Raw, rambunctious, and funny, Good Time redeems American cinema from the doldrums of pre-packaged comic-book franchises and inert middle-class dramas. Connie Nikas (Robert Pattinson) traverses New York’s five boroughs, stealing and jumping fences, to rescue his mentally ill brother from a state-run facility. Dramatizing Connie’s odyssey with desperate dark humor, Ben and Josh Safdie emerge as unique filmmakers capable of toeing the line between exploitation and gritty social realism with actual heart. Laura Jaramillo


Writer-director Jordan Peele pulls off an impossibly difficult maneuver with the fabulous, timely Get Out, delivering a real American horror story about race and violence that also works as grim satire. Peele understands that timing is key to both comedy and horror, and his beautifully crafted script unwinds with clockwork precision. It’s the movie we didn’t know we needed until we saw it. Glenn McDonald


After finding success by shooting Tangerine on iPhones, Sean Baker didn’t have to shoot on iPhones anymore. But this bigger-budget follow-up shone with the same intimacy, immediacy, and empathy, portraying the precarity and dignity of low-income families on the margins of Walt Disney World, so close to an American dream they can’t reach. The Florida Project is heartbreaking, heart-lifting, and hilarious, down to its perfect final scene. Brian Howe


Raoul Peck’s doc about James Baldwin is required viewing for all Americans, this year, next year, and every year to come until his words cease to resound with insight and prophecy about the inner workings of white supremacy. Baldwin’s hypnotic authority is such that one feels racists would implode like dying stars if only they could be made to listena fantasy, no doubt, but one that speaks to the power of Baldwin’s thought and this film. Brian Howe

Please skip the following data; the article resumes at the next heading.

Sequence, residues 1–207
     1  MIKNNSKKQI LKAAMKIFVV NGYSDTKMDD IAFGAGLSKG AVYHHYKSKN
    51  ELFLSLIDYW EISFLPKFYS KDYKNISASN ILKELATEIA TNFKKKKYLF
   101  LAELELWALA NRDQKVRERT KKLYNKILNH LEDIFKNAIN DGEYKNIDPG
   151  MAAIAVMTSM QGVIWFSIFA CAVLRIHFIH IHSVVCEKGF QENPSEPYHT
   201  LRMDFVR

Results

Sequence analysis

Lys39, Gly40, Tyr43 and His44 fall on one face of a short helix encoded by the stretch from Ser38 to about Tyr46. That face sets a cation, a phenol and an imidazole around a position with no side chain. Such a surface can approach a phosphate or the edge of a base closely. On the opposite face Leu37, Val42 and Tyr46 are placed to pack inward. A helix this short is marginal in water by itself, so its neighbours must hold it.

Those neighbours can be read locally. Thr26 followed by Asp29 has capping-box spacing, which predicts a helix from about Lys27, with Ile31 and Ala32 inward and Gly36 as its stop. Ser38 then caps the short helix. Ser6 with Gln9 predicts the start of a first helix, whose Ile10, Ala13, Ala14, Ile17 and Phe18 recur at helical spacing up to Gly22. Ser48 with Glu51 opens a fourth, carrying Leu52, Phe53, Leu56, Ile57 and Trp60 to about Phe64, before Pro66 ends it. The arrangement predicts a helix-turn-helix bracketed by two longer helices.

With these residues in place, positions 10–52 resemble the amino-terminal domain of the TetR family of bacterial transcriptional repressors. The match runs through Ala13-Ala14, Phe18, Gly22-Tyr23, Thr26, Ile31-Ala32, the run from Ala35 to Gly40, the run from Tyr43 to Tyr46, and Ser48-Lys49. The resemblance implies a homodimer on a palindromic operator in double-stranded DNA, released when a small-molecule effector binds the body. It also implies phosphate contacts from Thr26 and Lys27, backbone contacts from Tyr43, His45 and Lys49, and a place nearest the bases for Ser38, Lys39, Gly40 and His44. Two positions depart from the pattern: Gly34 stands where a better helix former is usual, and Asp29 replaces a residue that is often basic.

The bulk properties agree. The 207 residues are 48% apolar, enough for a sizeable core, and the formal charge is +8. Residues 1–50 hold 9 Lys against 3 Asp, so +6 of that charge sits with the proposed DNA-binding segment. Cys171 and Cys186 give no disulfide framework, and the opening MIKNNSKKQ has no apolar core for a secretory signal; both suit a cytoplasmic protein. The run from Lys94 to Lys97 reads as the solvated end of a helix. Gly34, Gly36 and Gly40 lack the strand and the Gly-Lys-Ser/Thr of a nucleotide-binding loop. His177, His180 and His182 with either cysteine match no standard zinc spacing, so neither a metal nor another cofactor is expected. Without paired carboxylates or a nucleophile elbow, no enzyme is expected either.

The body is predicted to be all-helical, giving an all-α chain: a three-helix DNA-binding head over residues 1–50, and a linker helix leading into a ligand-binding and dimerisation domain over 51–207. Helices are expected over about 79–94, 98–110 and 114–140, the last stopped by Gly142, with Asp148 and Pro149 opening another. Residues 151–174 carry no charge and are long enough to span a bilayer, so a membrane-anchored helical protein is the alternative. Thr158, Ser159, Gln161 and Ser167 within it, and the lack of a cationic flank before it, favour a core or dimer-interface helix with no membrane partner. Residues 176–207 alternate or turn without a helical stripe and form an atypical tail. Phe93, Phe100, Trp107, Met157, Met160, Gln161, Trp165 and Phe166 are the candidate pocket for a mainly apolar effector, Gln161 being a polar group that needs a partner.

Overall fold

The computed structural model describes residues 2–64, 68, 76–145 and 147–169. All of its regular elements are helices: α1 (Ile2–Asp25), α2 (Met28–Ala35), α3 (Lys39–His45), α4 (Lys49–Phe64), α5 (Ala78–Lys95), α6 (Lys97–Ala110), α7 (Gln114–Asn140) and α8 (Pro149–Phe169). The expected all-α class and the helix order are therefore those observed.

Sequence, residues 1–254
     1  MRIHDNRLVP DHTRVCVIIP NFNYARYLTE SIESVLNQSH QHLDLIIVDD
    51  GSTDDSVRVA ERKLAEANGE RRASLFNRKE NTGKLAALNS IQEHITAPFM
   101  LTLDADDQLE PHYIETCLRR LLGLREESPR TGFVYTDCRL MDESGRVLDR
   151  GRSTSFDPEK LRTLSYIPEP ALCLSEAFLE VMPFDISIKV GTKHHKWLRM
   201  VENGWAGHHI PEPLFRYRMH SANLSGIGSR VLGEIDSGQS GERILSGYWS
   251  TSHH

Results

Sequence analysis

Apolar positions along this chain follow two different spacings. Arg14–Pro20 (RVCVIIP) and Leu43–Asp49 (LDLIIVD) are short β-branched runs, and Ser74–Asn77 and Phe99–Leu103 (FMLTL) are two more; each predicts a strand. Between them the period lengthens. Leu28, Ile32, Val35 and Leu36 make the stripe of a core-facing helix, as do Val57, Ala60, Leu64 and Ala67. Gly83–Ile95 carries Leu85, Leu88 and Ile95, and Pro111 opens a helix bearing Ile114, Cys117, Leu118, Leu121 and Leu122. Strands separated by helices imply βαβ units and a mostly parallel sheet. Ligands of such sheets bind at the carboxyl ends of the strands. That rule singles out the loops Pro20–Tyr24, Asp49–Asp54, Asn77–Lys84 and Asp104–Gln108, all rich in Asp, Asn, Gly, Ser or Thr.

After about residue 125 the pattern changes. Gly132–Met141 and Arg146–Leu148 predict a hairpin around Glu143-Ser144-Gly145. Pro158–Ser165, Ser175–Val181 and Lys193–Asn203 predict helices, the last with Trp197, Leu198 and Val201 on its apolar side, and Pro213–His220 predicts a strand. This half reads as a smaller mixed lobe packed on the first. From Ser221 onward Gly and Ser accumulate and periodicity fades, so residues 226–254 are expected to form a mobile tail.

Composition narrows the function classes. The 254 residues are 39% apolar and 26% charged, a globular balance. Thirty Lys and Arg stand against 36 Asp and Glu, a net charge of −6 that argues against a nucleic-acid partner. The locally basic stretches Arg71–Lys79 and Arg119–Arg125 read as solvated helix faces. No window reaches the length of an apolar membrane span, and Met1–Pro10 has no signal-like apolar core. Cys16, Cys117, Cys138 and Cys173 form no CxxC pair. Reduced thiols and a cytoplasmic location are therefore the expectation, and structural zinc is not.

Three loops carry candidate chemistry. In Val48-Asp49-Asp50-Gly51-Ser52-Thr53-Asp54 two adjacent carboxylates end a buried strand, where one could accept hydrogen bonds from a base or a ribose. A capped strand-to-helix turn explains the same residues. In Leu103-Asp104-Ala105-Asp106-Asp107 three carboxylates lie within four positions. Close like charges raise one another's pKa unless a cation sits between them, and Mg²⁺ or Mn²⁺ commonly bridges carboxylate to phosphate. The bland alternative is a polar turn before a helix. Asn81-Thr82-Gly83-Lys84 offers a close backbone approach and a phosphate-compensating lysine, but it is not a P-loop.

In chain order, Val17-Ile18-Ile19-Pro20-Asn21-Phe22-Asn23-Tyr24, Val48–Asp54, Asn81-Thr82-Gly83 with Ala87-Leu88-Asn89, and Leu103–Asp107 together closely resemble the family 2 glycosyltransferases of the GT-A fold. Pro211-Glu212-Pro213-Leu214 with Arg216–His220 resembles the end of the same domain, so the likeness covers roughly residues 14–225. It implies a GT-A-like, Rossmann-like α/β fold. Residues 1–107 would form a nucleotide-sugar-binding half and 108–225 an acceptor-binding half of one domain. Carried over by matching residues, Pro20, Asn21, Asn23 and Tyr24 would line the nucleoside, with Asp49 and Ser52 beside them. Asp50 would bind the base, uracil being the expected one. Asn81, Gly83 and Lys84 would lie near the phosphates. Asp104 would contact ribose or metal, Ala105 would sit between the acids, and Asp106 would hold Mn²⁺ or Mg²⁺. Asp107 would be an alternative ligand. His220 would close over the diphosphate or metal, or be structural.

Writer/director Olivier Assayas can’t miss. His newest film casts Kristen Stewart as Maureen, who is obsessed with the spirit of her dead twin brother and works as a personal shopper for a Lady Gaga equivalent in Paris. Stewart delivers one of the most emotional, tremble-inducing performances of the decade. A totally original blend of art horror and existential spiritual exploration becomes a narrative maze of thrills that will leave you speechless. Luke Hicks


Dark comedy reaches a new level in writer/director Yorgos Lanthimos’s follow-up to The Lobster. Lanthimos wants you to question whether you are allowed to laugh at this bizarre, suspense-ridden film, which plays out like a demented game of “Would you rather?” Colin Farrell, Nicole Kidman, and relative newcomer Barry Keoghan hilariously convey Lanthimos’s deadpan dialogue without hindering the stark, severe drama beating at the heart of the film. Luke Hicks


At first glance, it looks like the worst kind of art-school pretension: a ghost story starring a guy in a bed sheet with holes cut out for the eyes. But director David Lowery makes it the year’s most thematically ambitious film, directly engaging blunt questions about life and death that we generally prefer to avoid. Why are we here? What happens next? Casey Affleck and Rooney Mara explore some unsettling possibilities. Glenn McDonald